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Microwave Transformer Answered

I have salvaged a old microwave transformer that i am going to use for a SLA battery charger i am building. I have rewound the secondary with 50amp wire and i get an AC output of 12v what is what i want but im confused with working out how many amps it puts out. I have run it through a bridge rectifier and a capacitor and i get about 18V DC. I was testing the amps by adding 12v 50watt light bulbs to it 1 at a time and when i get to 200watts the voltage starts to drop to about 10v DC. My question is does that mean the transformer is being overloaded? and if so is there a way to increase the amp output by winding secondary with different wire? I have seen online videos of Microwave transformers being rewound and they give out 50amps at 12v.


There is more to it than replacing a coil ;)
1. The transformer can't really get more output than what it had before - you are limited by the primary coil.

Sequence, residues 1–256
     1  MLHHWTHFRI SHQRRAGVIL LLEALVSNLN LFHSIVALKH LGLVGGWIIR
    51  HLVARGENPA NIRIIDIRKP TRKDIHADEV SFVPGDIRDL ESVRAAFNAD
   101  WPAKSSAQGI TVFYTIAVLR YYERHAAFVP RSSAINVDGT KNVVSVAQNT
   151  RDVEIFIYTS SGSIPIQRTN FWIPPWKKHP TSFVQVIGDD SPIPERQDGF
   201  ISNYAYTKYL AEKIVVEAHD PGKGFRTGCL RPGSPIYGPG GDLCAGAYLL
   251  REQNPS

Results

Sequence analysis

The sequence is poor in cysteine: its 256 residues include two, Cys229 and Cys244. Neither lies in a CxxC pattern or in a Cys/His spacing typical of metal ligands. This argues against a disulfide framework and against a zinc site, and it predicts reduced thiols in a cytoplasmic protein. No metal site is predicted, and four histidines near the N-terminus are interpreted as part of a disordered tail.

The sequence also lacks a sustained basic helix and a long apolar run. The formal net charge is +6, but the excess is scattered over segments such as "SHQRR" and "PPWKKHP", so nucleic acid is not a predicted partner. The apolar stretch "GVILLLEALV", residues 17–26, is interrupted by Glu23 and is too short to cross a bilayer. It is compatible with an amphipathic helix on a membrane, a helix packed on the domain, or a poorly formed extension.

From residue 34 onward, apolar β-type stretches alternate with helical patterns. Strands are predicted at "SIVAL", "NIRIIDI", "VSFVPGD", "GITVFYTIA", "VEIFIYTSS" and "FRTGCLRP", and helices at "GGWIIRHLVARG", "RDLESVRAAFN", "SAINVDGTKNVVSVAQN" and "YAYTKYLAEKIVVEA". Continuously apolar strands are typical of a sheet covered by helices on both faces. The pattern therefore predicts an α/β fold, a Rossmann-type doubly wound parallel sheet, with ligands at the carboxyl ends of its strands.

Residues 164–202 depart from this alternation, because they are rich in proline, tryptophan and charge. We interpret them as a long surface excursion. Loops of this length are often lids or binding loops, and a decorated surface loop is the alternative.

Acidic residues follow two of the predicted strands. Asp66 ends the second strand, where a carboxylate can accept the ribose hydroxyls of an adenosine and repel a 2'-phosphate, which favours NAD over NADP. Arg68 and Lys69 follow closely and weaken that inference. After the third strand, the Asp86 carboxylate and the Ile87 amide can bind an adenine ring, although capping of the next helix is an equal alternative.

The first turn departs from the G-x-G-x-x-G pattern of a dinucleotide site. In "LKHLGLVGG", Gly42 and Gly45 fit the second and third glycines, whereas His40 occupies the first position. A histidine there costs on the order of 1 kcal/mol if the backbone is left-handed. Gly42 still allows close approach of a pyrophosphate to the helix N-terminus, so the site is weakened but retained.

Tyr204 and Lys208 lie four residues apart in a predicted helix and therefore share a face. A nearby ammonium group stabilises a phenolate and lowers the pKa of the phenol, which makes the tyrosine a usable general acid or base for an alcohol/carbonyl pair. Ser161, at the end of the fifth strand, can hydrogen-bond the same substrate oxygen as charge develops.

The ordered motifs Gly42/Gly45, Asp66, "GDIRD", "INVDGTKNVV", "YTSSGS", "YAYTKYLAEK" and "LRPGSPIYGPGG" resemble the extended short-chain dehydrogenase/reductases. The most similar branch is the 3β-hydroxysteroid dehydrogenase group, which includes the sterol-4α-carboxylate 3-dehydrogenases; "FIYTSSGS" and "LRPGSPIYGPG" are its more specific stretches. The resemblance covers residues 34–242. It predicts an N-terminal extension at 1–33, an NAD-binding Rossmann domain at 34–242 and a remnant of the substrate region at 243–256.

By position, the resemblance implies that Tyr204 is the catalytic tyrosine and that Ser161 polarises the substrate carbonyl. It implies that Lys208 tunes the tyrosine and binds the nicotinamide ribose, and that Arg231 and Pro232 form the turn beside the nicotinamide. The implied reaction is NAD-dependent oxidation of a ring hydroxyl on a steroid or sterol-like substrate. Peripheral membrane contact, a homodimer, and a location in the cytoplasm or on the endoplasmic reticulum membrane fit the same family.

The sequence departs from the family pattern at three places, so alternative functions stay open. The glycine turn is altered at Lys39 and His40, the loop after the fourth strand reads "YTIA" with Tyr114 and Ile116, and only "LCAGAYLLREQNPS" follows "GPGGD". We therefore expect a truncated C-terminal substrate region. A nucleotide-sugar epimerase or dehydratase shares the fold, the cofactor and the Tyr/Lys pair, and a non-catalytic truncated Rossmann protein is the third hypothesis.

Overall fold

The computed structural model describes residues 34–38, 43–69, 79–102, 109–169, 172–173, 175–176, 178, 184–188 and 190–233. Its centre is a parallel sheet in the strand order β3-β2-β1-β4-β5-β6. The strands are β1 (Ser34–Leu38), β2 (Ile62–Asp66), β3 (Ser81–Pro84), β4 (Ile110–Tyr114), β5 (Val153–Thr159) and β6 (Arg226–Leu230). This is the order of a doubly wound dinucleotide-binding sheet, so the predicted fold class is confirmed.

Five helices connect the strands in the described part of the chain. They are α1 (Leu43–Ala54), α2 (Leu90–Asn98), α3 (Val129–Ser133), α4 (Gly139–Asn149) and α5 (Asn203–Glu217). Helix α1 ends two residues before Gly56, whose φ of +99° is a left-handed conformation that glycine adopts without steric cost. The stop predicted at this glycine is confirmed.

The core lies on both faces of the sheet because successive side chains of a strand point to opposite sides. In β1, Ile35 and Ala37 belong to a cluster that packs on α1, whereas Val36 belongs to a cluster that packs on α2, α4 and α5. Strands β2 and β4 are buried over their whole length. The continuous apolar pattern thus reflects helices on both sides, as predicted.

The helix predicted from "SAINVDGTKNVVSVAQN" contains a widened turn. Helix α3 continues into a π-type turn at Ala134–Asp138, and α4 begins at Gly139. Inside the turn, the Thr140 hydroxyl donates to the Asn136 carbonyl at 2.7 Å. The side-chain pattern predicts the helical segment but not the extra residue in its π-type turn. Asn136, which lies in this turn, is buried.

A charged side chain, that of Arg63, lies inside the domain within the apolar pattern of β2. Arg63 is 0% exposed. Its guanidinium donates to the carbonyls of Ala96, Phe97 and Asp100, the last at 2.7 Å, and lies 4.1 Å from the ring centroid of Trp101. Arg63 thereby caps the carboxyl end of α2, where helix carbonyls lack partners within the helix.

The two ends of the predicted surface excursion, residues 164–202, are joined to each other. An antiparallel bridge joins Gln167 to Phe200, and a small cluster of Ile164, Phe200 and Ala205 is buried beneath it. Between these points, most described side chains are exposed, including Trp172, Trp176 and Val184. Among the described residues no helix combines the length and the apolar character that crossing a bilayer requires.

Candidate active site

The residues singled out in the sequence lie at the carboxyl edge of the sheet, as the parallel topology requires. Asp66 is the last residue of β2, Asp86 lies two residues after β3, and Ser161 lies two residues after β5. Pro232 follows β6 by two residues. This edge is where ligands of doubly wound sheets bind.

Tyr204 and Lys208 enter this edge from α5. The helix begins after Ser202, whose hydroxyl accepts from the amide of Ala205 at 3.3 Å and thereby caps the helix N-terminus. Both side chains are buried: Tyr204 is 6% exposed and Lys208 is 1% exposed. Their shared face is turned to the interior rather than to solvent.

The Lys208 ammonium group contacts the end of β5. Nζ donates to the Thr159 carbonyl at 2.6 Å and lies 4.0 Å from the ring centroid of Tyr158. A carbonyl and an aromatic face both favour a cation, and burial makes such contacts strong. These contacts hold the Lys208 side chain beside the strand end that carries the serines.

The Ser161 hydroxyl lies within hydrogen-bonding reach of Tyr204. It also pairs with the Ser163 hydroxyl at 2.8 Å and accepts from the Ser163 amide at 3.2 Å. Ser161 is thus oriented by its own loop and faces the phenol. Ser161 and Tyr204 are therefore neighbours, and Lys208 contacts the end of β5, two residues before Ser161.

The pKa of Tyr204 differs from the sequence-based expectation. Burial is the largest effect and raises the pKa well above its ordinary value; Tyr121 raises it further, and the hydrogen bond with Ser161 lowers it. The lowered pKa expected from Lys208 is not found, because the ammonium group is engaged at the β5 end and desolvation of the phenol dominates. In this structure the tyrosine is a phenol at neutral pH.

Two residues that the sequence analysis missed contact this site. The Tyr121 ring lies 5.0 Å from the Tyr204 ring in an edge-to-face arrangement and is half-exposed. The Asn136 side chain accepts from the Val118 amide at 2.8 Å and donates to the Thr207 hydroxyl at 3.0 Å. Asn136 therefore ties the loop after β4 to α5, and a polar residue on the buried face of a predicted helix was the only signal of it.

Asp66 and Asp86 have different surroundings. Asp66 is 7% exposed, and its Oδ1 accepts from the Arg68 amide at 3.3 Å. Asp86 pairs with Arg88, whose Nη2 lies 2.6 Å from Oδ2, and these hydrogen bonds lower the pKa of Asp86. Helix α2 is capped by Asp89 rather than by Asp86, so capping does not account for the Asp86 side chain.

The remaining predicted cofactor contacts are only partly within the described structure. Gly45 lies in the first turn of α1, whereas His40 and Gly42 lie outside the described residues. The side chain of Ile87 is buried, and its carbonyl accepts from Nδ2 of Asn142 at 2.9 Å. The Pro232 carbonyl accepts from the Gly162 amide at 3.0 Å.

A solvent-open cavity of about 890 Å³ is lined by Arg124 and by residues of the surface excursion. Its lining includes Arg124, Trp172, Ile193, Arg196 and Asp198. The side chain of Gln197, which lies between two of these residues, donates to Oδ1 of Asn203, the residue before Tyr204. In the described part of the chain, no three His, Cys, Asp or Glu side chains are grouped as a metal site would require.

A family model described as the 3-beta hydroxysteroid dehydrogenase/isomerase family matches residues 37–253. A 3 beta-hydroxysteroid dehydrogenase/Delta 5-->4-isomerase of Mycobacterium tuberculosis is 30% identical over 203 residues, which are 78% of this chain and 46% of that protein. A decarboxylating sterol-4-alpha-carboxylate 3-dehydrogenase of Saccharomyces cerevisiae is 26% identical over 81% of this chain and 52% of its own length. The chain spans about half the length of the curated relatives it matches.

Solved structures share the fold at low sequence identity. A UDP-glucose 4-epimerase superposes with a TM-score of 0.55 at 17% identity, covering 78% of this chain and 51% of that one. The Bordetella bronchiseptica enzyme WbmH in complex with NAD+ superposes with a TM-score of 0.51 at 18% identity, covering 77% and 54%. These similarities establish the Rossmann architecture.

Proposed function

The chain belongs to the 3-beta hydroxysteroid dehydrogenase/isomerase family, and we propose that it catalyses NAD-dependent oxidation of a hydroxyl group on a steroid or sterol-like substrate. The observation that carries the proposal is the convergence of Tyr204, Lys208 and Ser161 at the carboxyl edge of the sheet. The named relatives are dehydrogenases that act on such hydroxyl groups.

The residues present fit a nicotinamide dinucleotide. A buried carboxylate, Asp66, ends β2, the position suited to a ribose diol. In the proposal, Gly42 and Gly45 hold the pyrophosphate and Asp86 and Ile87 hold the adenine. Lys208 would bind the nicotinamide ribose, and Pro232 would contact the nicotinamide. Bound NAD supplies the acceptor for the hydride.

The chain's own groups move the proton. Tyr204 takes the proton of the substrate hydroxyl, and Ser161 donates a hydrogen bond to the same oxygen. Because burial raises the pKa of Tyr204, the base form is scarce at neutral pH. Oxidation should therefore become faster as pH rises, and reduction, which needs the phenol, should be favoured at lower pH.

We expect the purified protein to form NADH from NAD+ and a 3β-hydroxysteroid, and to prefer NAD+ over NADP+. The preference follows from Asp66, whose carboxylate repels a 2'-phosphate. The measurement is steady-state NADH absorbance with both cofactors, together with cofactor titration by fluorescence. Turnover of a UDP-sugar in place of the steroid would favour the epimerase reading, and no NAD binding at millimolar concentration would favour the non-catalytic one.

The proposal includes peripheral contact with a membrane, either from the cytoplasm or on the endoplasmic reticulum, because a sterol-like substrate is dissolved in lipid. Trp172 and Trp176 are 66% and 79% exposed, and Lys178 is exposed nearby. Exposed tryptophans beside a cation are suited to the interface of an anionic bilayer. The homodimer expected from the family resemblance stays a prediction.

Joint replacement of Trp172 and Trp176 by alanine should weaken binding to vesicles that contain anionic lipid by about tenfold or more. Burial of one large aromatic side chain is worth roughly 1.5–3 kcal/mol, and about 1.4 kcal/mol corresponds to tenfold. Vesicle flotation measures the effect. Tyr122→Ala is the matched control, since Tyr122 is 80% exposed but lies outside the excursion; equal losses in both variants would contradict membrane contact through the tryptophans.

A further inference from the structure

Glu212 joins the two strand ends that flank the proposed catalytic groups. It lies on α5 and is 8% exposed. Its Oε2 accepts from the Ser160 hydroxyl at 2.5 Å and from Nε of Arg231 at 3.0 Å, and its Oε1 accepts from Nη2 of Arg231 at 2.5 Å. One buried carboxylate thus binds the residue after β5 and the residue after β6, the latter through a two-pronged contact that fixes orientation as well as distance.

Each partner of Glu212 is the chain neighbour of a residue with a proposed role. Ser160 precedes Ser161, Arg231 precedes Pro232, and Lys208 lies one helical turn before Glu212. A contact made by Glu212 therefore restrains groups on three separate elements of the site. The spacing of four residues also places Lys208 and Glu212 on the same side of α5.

2. A MOT also has added pieces to reduce the magnetic flux - they have to be removed for full power but should stay in place if you want some extra protection against overload.
3. To even get a chance of proper performance (if cut open) the MOT needs to be welded close again, just clamping won't do it.

Considering you are in the 15A range on the output you should have enough power to charge a battery, although I use a proper charging circuit for it and not just a transformer with a rectifier...

Thx for the fast reply, I am building a proper circuit and using an arduino to control it so i can select battery voltage and amps for charging. Is there a way to test the max current a transformer will put out?

Sure, just connect a proper ampere meter and a adjustable, resistive load.
Increase the load and measure the amps while doing so.